Bianca St. Georges isn’t yet 90-minutes fit, according to Red Stars coach Rory Dames, and picked up her second red card in just three appearances. The second, in the 4th minute of stoppage time at the end of Sunday’s game, was a straight red and thus rules her out for three matches.
Meanwhile, Zoe Morse is still yet to see the field as the Red Stars only real cover at center-back.
Milazzo is a player who Dames knows well and trusts, having coached her in her youth career. We’ve seen before that such players will be given a longer leash, so don’t expect any changes soon.
The question becomes what happens when the USWNT players return? Tierna Davidson and Casey Krueger will almost certainly be immediately restored to the starting lineup in place of two out of Milazzo, Sharples and Wright. But what about Julie Ertz? Before the season, Dames insisted she would play in midfield this season and she started there against Portland before suffering the knee injury that kept her out until the Olympics. With no USWNT matches of any note for the foreseeable future following the Olympics, there’s no reason not to play her in the greater position of need for the club. If the Red Stars want to remain in the top-half of the table, a return to the formidable Naeher, Krueger, Ertz, Davidson, Gorden back five is the logical path given the midfield options at Dames’ disposal.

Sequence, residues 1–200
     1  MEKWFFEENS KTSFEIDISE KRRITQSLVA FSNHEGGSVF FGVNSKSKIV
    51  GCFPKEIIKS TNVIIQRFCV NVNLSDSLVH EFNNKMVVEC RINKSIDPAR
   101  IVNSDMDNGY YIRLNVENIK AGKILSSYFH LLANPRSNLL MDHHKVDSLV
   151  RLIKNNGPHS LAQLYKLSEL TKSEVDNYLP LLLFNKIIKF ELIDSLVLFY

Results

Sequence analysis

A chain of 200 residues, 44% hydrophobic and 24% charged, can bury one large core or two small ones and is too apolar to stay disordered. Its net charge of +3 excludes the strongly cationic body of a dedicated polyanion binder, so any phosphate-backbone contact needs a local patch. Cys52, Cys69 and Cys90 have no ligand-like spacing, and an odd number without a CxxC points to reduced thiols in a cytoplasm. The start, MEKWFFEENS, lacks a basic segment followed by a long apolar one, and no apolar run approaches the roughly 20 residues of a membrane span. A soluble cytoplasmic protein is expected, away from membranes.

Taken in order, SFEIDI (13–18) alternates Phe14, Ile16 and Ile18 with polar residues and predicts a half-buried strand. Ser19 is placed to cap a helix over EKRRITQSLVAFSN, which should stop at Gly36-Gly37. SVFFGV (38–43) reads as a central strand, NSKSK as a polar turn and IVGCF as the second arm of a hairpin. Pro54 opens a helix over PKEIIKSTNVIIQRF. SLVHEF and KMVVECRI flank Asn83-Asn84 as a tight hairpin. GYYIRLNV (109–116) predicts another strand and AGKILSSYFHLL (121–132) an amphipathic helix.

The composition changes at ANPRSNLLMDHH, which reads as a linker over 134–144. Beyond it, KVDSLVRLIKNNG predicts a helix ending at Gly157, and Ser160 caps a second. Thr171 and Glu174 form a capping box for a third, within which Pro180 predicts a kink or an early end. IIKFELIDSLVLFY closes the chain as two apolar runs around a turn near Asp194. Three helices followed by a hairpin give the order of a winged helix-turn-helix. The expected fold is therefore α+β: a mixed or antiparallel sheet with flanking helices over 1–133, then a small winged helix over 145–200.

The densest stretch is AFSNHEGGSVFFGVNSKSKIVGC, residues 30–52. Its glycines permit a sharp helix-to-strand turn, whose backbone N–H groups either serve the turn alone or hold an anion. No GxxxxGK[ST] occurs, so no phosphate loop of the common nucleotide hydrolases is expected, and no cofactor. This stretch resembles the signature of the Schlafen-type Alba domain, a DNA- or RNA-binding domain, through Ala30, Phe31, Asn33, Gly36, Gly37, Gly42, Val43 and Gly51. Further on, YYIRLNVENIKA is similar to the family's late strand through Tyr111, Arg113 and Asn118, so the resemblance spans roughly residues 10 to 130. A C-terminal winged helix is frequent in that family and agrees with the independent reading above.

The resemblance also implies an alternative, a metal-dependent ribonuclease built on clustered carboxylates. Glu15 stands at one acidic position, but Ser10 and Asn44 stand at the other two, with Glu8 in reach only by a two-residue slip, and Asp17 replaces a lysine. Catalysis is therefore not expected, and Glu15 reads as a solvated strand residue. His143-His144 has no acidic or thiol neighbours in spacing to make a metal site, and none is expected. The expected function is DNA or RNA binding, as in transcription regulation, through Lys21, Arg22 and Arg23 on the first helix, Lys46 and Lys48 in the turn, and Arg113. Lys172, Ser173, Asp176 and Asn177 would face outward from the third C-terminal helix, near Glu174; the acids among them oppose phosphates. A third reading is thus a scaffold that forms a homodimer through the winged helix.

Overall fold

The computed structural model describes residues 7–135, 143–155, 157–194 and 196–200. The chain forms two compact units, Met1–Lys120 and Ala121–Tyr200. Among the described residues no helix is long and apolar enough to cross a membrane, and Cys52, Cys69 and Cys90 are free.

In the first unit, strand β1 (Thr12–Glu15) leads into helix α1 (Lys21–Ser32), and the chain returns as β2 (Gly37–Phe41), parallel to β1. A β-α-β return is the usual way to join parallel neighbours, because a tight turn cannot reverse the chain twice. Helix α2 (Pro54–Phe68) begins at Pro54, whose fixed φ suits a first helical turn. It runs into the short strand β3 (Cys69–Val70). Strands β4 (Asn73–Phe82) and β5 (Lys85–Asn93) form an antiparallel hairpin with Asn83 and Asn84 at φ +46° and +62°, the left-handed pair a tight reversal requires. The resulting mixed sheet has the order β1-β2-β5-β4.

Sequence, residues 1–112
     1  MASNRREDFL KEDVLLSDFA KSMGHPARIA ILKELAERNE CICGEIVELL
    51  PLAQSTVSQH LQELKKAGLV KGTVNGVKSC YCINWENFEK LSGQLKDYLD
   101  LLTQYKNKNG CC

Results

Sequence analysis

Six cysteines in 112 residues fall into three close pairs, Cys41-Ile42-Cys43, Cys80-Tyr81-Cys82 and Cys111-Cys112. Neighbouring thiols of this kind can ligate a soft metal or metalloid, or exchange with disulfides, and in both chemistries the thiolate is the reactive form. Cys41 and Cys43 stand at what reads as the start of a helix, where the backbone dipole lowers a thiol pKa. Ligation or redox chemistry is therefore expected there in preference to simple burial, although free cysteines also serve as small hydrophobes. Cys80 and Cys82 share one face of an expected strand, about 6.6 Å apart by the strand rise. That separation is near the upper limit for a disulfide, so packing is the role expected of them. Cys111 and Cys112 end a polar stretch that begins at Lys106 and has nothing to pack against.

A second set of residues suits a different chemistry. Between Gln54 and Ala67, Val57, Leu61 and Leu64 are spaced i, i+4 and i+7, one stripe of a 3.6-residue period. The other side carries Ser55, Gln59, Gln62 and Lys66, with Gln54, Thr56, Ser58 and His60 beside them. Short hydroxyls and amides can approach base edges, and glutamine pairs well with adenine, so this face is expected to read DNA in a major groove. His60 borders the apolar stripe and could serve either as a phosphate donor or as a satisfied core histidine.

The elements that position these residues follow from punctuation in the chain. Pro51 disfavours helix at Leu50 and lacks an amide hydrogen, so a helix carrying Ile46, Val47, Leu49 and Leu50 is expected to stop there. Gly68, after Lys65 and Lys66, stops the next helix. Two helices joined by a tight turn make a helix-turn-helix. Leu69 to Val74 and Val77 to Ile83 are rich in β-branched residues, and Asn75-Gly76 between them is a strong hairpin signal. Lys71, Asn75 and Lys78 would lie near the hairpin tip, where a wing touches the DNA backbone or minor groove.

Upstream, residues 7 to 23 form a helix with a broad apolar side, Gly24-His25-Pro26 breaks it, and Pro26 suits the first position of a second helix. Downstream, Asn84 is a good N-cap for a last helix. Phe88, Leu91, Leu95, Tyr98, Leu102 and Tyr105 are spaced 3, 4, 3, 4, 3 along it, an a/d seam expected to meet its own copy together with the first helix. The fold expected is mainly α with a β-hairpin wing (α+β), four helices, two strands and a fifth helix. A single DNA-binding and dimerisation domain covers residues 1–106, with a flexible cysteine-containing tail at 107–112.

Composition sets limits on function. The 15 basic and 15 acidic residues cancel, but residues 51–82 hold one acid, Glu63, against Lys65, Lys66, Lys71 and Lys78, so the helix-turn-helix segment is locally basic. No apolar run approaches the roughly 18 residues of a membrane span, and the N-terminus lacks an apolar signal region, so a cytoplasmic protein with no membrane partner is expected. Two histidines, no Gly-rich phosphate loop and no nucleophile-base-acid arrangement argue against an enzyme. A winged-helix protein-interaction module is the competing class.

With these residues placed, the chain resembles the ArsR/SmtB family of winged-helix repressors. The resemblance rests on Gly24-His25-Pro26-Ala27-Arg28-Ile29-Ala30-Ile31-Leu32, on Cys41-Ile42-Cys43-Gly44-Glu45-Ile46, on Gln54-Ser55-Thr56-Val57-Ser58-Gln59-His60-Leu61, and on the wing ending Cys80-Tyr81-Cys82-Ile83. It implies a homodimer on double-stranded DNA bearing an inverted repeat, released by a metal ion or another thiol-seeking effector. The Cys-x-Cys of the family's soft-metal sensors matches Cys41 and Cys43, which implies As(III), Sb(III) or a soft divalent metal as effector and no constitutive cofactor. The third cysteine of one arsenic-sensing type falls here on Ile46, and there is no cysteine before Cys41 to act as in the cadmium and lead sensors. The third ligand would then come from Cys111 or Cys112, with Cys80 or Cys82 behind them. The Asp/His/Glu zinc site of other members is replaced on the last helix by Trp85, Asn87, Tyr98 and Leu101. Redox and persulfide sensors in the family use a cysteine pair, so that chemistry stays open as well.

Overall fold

Colaprico vs Woldmoe
With the exception of the game vs North Carolina where the Red Stars deployed a 3-4-3, the midfield has consistently been a three-player operation with Vanessa DiBernardo and Morgan Gautrat’s names written in pen. The variable is the selection of Danielle Colaprico or Sarah Woldmoe. Following the victory over OL Reign, Dames said that Woldmoe makes the team more defensively solid, while Colaprico’s ability to play as a solo number six allows both Gautrat and the team’s fullbacks to push higher up the pitch and make the team both more dangerous on the attack and better positioned to press.
The difference in how the team does on the scoreboard, however, is marginal. On the year, the Red Stars are -0.37 goals per 90 minutes when Woldmoe is on the field and -0.42 when Colaprico is playing (including all 5 Portland goals). Given this, the improvements to the offense Colaprico provides and the way she frees Gautrat to be more aggressive would appear to be the clear choice for a team desperately in need of more goals.
It is, of course, not quite that simple. Woldmoe has a higher floor but lower ceiling. She’s a dependable player who will be a solid 7/10 every game. She’s also an asset in helping defend set pieces as one of the taller players on the team.
Colaprico can cover an insane amount of ground and put out fires in addition to the offensive boosts, but she’s occasionally rash in her decision making (see the Louisville game).